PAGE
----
I met a business leader recently who was telling me about the challenges he was having with getting people in his organization to step up and take responsibility. He felt like he was ready to turn more of his operation over to others in the company so he could stop working 70 or 80 hours a week. He went on to say that the problem was, no one in his company shared his passion and commitment to the success of the business and he didn’t yet trust them to run it the way he would.
One of the most difficult transitions I’ve watched leaders make is the transition from operation to oversight. In many cases the leader has not built the foundation necessary to make the transition even though they believe they are ready. In other cases they have created such a narrow view of what success looks like that no one other than them can accomplish it. In essence, they have come to define success as “doing it my way”.
Let’s take a look at the foundation needed to make this kind of transition. This particular business owner felt like no one would care as much about his business as he did. He’s absolutely correct. They have to feel, at least to some degree, that it’s their business before they will have the same level of commitment to it. That doesn’t mean they need to own part of the business, although that goes a long way. But it does mean that they have to feel empowered to make decisions, make changes, take risks and try new things without the owner swooping in and changing everything back to the way he or she wants it.
Ownership is about much more than a financial stake; it’s also about an emotional stake. In many cases leaders tell others that they are responsible for the business, or a business function, only to have the leader’s actions tell a completely different story as they continue to ultimately make every decision.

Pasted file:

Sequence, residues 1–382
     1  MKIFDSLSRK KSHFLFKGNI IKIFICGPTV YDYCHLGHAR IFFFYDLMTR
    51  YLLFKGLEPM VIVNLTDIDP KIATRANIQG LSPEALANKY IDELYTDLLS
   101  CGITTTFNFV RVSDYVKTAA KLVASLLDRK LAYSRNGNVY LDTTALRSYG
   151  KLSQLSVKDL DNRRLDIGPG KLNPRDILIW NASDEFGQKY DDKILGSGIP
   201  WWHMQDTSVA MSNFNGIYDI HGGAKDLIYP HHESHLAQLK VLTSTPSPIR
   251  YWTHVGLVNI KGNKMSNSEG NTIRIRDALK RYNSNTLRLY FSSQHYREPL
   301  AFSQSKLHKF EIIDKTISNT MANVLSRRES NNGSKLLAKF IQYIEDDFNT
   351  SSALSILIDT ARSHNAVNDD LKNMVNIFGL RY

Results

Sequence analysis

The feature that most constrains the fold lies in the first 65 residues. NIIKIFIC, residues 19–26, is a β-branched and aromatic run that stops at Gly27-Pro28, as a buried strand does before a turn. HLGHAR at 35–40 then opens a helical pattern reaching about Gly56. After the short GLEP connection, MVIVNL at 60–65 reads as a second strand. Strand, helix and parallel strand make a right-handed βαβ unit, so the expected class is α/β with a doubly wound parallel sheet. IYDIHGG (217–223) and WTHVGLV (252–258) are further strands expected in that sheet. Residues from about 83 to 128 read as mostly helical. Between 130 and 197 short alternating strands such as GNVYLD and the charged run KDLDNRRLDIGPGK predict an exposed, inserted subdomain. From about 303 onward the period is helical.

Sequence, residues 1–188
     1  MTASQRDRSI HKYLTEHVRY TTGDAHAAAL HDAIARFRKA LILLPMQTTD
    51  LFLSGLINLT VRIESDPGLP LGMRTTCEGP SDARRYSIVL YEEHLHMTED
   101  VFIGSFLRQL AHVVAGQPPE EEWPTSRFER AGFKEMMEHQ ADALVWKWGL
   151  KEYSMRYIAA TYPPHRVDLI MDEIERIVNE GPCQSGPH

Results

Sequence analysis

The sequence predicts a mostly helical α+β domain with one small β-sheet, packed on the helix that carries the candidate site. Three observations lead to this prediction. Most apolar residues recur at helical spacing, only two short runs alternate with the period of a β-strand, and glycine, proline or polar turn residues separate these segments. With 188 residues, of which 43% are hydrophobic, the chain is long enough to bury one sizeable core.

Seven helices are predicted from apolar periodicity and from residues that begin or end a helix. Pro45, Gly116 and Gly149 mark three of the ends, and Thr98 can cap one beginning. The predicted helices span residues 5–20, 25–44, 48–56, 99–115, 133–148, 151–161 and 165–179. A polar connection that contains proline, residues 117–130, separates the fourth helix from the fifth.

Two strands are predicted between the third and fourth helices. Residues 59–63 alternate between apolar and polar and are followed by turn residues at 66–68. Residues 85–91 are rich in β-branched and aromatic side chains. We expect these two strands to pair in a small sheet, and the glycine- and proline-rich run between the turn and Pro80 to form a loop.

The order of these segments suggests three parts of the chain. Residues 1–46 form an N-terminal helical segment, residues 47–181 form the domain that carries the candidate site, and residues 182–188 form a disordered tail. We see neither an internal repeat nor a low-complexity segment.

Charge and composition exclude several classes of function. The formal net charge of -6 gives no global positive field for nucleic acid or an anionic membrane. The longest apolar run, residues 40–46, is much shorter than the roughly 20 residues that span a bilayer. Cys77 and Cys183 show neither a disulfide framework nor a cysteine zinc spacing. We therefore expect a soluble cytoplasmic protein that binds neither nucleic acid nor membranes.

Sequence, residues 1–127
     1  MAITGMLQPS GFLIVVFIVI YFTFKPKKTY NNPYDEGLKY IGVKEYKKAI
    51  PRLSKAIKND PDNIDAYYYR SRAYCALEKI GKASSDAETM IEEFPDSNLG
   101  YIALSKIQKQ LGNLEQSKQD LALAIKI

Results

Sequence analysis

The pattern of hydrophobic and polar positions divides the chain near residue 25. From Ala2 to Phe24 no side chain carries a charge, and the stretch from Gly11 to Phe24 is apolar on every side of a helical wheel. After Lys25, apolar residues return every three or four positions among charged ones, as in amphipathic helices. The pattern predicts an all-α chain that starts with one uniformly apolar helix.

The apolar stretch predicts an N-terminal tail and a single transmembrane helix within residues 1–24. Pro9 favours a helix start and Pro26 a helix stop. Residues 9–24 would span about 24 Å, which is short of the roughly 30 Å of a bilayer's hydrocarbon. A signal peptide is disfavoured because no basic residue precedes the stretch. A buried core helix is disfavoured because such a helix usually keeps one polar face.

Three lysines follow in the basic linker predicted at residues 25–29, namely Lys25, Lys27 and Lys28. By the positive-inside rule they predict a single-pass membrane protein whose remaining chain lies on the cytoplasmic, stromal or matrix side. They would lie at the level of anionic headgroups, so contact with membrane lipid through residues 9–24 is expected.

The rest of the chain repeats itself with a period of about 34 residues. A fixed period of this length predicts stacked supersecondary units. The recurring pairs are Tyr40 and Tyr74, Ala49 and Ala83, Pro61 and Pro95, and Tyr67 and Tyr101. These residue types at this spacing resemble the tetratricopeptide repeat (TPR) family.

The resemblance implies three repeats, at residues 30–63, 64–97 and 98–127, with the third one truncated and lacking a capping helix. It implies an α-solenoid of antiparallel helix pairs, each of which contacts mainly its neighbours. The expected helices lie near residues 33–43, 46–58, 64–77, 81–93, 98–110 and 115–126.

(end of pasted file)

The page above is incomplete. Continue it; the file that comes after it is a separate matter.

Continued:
The other key to a strong foundation for this kind of transition is that there is a progression toward it, not an abrupt shift. Leaders can’t treat someone as worker, with their only responsibility being execution of the leader’s decisions, for years and then one day tell them that they need to step up and be a leader. Everyone in the organization has to be consistently developed to accomplish more and to become capable of more.
When people in your business have been identified as having the potential to lead it, they need to be given more responsibility over time, not have it heaped on them all at once because the owner is tired of doing it. It takes time to build that emotional stake in the business and it only happens when a person feels that they have had a hand in creating what exists.
That means that no matter the size of the business you have to have a talent game plan. I’m consistently surprised at the notion that talent management is only for really big companies. It’s actually even more important for smaller businesses because they have a smaller talent pool to work with and less margin for error as they choose future leaders.
The View of Success
When it comes to making the transition, the second component that is essential for success is for the owner or current leader to expand their view of success. There are many paths to the same destination. As long as everyone agrees on the destination, the owner has to allow others to choose their own path without taking up the role of back seat driver.
That doesn’t mean that the new leader wont make some mistakes and wrong turns, they will. But the owner has to allow that to happen. The owner has to help the new leader learn from the poor decisions and only step in when help is requested or they see the new leader headed for a cliff rather than a ditch. In some ways it’s like having a teenager who’s learning to drive, at some point, you have to get out of the car. I’ve seen leaders who were able to let go be amazed by the abilities, the creativity, and the success of a new leader who they have truly empowered.
If you want to help others step up and run your business get them ready, and then get out of the way. When they feel like it’s their business too, and they have the power to change it, then, and only then, will they find their path to success.
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